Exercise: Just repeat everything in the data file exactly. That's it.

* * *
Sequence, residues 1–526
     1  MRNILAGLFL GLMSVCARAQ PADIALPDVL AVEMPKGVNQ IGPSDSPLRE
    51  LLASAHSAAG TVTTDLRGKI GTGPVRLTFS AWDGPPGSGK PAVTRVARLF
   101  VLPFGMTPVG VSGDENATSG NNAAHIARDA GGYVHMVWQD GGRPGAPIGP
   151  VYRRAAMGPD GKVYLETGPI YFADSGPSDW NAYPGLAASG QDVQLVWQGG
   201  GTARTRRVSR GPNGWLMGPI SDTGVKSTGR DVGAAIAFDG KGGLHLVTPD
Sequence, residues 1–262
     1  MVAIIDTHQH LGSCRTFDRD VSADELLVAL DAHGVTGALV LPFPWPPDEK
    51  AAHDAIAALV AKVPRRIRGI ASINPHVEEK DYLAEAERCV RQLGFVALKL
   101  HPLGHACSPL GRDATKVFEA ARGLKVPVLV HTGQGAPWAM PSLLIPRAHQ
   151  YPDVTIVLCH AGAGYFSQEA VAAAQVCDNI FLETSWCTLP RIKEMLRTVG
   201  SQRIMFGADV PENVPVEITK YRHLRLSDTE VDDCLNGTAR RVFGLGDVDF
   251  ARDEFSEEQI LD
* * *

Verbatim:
Sequence, residues 1–526
     1  MRNILAGLFL GLMSVCARAQ PADIALPDVL AVEMPKGVNQ IGPSDSPLRE
    51  LLASAHSAAG TVTTDLRGKI GTGPVRLTFS AWDGPPGSGK PAVTRVARLF
   101  VLPFGMTPVG VSGDENATSG NNAAHIARDA GGYVHMVWQD GGRPGAPIGP
   151  VYRRAAMGPD GKVYLETGPI YFADSGPSDW NAYPGLAASG QDVQLVWQGG
   201  GTARTRRVSR GPNGWLMGPI SDTGVKSTGR DVGAAIAFDG KGGLHLVTPD
Sequence, residues 1–262
     1  MVAIIDTHQH LGSCRTFDRD VSADELLVAL DAHGVTGALV LPFPWPPDEK
    51  AAHDAIAALV AKVPRRIRGI ASINPHVEEK DYLAEAERCV RQLGFVALKL
   101  HPLGHACSPL GRDATKVFEA ARGLKVPVLV HTGQGAPWAM PSLLIPRAHQ
   151  YPDVTIVLCH AGAGYFSQEA VAAAQVCDNI FLETSWCTLP RIKEMLRTVG
   201  SQRIMFGADV PENVPVEITK YRHLRLSDTE VDDCLNGTAR RVFGLGDVDF
   251  ARDEFSEEQI LD